Since Kenya attained self-rule, several positive steps have been made in the Immigration department, albeit with challenges.
The pre – independent Kenya ID was huge and discriminative on race and gender. Females were not entitled to an ID, which was used to control male Africans working as slaves.
However, the independence came with new face of the department as the size and purpose of the ID changed. Women in Kenya were entitled the crucial card as well. The age of registration was raised from 16 to 18 years. The changes have also seen the card change in size and portability.
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In addition several weaknesses prevalent before have been dealt with such as illegal registration of aliens, easy manipulation, forgeries and theft. Also dealt with is easy duplication of identity card numbers, delays in replacing lost identity cards and double registration. In sum, these were seen as matters of Kenya security concern.
The Second generation ID has to some extent addressed some of those initial concerns thanks to modern technology that provides a secure identification document by applying the service of computerised Fingerprint system. The Government of Kenya has also gone a step further to establish an Alien Registration System used to register aliens and refugees within the borders of Kenya and to produce relevant registration certificates and Refugee Identity Cards.
New Laws in Kenya
On another front, the government has made strides in aligning itself with the new constitution of Kenya by enacting some new laws. The Citizenry and Immigration Act passed in 2012 have introduced higher tariffs, re-classiﬁcation of permits and the removal of the “business visa” among other things.
Consequently, the period within which an employer should pay for a work permit from the date of the notiﬁcation of approval has been reduced from 90 days to 30 days while at the same time the issuance of the “Visitors’ Pass” (commonly referred to as business visa) to persons visiting Kenya for holiday and visits only has been scrapped.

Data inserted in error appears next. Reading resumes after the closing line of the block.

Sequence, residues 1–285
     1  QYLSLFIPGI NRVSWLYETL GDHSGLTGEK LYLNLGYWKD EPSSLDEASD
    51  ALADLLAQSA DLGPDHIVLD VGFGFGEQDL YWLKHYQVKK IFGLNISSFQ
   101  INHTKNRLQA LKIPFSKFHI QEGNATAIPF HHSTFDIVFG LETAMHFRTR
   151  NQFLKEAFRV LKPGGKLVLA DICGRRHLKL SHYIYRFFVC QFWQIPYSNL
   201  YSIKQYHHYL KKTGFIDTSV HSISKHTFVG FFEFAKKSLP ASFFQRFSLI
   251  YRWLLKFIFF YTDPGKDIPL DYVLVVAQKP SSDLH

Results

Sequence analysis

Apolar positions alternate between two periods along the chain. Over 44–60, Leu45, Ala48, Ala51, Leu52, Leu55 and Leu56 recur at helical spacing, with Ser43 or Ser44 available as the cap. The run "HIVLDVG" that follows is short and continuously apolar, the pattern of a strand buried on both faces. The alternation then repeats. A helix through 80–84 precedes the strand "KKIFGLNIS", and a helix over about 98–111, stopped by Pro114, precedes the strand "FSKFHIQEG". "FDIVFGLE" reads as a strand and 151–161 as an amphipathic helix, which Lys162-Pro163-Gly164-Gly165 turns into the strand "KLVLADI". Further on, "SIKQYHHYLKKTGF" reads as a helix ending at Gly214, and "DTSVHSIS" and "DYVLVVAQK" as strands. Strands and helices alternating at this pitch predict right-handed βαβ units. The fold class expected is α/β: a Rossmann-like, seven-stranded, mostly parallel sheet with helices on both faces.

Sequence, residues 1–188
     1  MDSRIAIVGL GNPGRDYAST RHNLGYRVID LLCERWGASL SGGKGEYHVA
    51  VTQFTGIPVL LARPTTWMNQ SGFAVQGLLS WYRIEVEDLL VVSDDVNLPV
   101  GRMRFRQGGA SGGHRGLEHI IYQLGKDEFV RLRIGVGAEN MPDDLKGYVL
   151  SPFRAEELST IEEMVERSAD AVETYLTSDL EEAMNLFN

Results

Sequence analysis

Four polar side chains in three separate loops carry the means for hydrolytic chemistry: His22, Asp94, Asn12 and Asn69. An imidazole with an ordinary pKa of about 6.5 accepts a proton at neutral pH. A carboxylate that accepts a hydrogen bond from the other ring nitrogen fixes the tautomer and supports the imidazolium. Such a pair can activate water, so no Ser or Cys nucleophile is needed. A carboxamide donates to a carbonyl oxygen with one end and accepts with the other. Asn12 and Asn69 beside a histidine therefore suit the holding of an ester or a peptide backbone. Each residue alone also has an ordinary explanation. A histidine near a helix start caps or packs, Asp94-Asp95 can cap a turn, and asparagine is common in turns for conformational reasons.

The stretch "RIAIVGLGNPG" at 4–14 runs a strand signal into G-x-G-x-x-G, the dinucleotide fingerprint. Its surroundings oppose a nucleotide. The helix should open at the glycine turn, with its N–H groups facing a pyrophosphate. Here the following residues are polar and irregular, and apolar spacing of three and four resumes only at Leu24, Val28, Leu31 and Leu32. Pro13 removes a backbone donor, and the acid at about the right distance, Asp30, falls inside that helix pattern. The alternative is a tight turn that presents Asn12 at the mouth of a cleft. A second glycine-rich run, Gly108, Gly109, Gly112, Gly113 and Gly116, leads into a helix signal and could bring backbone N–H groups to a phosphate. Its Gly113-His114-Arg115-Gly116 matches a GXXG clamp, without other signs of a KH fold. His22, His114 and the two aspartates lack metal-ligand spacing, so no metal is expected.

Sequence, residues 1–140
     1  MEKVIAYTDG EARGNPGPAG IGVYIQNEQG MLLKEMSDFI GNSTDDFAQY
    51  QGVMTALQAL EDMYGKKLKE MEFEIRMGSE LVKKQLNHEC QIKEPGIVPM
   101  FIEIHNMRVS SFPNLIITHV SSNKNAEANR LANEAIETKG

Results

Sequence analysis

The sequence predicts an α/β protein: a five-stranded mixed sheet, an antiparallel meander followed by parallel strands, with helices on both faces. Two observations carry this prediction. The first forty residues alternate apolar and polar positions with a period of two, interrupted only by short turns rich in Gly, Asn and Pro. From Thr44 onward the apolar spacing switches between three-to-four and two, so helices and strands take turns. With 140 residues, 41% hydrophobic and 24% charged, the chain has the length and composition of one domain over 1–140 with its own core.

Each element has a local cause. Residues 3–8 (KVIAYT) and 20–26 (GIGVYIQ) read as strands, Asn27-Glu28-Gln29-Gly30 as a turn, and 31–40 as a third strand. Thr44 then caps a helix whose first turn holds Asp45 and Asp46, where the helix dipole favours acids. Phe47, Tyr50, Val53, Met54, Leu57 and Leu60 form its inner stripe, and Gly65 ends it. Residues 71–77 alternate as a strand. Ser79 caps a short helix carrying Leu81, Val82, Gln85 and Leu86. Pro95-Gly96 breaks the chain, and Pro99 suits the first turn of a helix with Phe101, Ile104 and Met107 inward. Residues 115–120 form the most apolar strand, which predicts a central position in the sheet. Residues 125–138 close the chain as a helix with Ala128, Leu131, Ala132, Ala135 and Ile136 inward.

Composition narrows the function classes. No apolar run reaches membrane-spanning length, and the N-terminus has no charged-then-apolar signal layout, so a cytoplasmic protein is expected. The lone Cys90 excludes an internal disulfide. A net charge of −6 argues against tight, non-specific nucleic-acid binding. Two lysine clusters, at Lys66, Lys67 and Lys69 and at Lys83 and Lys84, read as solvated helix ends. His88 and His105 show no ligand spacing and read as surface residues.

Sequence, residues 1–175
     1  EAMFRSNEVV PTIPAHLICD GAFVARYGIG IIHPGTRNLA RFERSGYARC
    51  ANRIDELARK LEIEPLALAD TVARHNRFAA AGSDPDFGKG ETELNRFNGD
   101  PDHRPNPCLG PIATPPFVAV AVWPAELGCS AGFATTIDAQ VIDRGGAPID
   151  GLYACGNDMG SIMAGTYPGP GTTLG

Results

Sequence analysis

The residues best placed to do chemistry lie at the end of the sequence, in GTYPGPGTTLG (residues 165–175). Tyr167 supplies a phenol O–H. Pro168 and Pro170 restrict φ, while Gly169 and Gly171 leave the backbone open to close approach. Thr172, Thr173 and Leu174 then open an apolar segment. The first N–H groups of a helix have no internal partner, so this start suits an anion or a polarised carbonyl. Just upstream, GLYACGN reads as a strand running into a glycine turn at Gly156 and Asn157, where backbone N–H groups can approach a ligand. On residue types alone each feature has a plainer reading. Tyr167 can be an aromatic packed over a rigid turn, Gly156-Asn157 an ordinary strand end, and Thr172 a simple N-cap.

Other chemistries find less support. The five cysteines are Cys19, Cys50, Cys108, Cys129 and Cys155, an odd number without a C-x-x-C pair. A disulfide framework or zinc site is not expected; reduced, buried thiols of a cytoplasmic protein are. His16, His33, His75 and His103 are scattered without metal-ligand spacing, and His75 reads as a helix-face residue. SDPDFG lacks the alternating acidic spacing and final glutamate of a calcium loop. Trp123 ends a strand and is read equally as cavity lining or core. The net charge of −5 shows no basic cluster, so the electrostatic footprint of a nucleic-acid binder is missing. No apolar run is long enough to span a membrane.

At the same time, immigration officials are now by law, empowered to conduct impromptu visits/ raids at the premises of any employer to verify the number of expatriates an employer has and to confirm if the all expatriates have the right immigration documents/status.
Some of other laws enacted by the National Assembly include the Kenya citizenship and Immigration Act, 2011, which addresses issues of immigration, citizenship and issuance of Kenya travel documents.
With the enactment of this law, a new national service has been established which shall be responsible for the implementation of policies, laws and dealing With issues relating to citizenship and immigration, births and deaths, marriages, identification and registration of persons.
The new service is also tasked with the control and issuance of identiﬁcation and travel documents, handling of foreign nationals as well as creation and maintenance of a comprehensive Kenya population register.
The national population register will have details of distribution and composition of the population in Kenya, giving indications of the direction of migration and labour resource utilisation. This Act has in effect repealed the Kenya Citizenship Act (Cap 170), the Immigration Act (Cap 172) and the Aliens Restrictions Act (Cap 173).
At the same time, Kenya Citizens and Foreign Nationals Management Service Act has been enacted into law. With the enactment of this law it is envisaged that services hitherto rendered by the Ministry of Immigration and Registrar of Persons and its departments shall now be discharged by the newly established Kenya Citizens and Foreign Nationals Management Service.
The new law also provides that a person who was a citizen of Kenya by birth and who ceased to be a citizen because he or she acquired citizenship of another country apply in the prescribed manner, the Cabinet Secretary (minister) regain Kenyan citizenship.
It also provides for a person will has been married to a citizen of Kenya for a period of at least seven years to apply for a Kenya citizenship, on condition that the marriage was solemnised under a system law recognised in Kenya either in the country or abroad.
The applicant ought not have been declared a prohibited immigrant or convicted of an offence sentenced to imprisonment for a term of three years or longer.
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